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Ken Burns: From The Civil War to Civility

Monday, May 30, 2011

To commemorate the Civil War's 150th anniversary, PBS recently reaired Ken Burns' documentary "The Civil War." Burns, a documentary filmmaker for the past 30 years, talks about the continuing effects of the war and his new project, "Civility and Democracy."

Guests:

Ken Burns
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Comments [3]

Mystic Michael from Manhattan

Although I missed the original broadcast of the Ken Burns interview, I did catch the repeat broadcast of it yesterday, on Memorial Day.

I've heard/seen some interviews with Burns before, but on this particular occasion I was especially impressed with his cultural & political erudition. Clearly he is a very thoughtful person and an astute observer of the human condition, with a keen insight into the multiplicity of issues & forces that have made our society what it is today. But his rare gift is the ability to articulate and to clarify these factors, in all the nuance and detail they truly deserve.

Any time you have an opportunity to book Ken Burns for a return visit to the show, please do so. He's great.

May. 31 2011 02:29 AM
gary from queens

I was raised in the same left wing culture that Ken Burns described he grew up in. But having moved away from those left wing sensibilites, I was able to pick up the subtle slight he uttered against Rep. Michelle Bachman, who mistakenly got the location of the first battle of the revolutionary war incorrect.

If he meant it in a jocular way, then he is mimicking Rush Limbaugh's style. Not the raging hatred expressed by Ed Shultz or Keith Olbermann. That aside, right before Burns was on, I listened to the BBC exhibit the same hypocricy and cowardice:

At around 9:40 AM this morning i started listening to WNYC Radio, broadcasting the BBC's News Hour.

The first 5 minute news segment was a report from Greece, in which immigrants faced the plight of Greek right wing anti immigrant feelings. Some immigrants identified as pakistani and afghans described how they were attacked and harmed. One incident that might have explained part of the reason for the anti immigration attitudes was the killing of a Greek man by an "immigrant."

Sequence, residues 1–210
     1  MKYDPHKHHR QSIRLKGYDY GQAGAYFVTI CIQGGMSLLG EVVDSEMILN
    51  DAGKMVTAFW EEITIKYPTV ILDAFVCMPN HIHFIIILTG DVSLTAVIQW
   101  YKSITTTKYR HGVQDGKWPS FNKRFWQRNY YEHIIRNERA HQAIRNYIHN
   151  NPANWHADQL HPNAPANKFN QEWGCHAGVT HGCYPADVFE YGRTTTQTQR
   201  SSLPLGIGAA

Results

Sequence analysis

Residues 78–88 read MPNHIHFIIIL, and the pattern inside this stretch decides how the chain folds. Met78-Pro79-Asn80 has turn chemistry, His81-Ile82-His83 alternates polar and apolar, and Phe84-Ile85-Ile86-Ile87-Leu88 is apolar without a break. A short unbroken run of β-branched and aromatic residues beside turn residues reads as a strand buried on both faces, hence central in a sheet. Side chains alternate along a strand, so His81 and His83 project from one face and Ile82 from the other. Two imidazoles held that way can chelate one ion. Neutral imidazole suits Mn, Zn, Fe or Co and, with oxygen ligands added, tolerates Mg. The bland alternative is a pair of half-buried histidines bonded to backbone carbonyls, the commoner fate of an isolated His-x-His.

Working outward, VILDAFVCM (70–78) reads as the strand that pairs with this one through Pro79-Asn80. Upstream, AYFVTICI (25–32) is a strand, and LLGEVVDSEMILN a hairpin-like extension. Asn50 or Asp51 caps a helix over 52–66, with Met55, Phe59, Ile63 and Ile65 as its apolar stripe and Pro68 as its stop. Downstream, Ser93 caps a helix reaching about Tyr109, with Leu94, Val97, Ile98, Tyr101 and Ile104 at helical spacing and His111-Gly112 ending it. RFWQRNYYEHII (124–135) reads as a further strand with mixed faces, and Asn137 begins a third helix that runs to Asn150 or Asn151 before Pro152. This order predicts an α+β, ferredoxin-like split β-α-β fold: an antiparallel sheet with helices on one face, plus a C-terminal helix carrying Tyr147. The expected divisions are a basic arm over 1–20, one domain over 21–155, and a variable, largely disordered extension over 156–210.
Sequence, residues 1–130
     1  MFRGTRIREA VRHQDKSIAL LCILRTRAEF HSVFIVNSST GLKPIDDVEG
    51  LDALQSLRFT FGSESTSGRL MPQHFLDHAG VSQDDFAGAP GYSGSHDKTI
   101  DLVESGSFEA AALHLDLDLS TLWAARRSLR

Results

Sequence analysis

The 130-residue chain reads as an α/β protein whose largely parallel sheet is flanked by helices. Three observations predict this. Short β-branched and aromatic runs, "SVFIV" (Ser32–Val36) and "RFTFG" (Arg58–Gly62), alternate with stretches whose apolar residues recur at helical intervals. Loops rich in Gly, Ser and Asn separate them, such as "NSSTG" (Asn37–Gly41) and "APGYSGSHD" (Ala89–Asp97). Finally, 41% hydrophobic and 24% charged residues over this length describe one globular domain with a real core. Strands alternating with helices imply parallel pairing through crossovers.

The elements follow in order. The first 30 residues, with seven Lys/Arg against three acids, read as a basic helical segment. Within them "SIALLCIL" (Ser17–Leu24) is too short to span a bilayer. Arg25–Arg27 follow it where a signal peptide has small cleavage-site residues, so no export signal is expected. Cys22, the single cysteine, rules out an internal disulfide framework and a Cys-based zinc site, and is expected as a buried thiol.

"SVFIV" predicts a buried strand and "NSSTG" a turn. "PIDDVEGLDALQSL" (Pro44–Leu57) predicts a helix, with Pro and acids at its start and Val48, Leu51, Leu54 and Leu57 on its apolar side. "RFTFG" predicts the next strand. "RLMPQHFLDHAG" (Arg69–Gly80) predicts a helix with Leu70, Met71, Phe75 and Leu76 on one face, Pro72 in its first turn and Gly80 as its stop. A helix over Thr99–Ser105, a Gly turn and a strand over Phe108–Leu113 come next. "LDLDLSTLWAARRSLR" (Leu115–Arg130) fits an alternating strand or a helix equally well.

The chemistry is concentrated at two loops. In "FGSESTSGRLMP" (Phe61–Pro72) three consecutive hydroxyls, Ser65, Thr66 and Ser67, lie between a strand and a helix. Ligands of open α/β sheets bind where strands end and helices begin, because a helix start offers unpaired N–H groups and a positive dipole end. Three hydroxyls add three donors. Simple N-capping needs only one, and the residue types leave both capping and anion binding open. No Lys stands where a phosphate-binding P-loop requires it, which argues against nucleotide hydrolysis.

Other than that, the report didn't provide a clue as to why Greek "right wingers" would dislike immigrants. Or was it immigrantion generally? I don't know. More importantly, the report didn't utter the word "islam" or "muslim" even ONCE. But then why should the dhimmis at the BBC bother that. After all, they did utter the words "right wingers" several times. So that must have been their way of explaining the strife. Greek right wingers zenophobic hating lunatics–––just like American right wingers!

The news story following that one was 3 minutes long. But it explained a lot. It was about the anti Chinese protest rallies by Mongolians. The oppression of the mongolian culture was at issue. BBC seemed capable of explaining that struggle. But why can't they explain the Muslim cultural take-over of Europe?!

Oops, I guess I let the cat out of the bag! I'm a "right wing hater." The BBC must be afraid to be labeled a hate group too, by merely mentioning the idea of the islamic doctrine supremacy and cultural hedgemony. BECAUSE THAT IS THE REASON FOR NON-MUSLIM NATIVES RESISTING THE "IMMIGRATION" ONSLAUGHT.

May. 30 2011 11:44 AM
Mike from NYC

The unintended consequences of the prohibition of alcohol, the near civil war level of organized crime violence, are being played out not here but in Mexico. Where a country that was trying to overcome a history of poverty and corruption is being destablized to the point that it could become a failed state. The established interests--both the criminals whose profit margins depend on the continued criminalization and the political/law enforcement/imprisonment industry that has grown up around drug law enforcement--in the US has an almost existential interest in the status quo. So nothing will be done here.

May. 30 2011 10:38 AM

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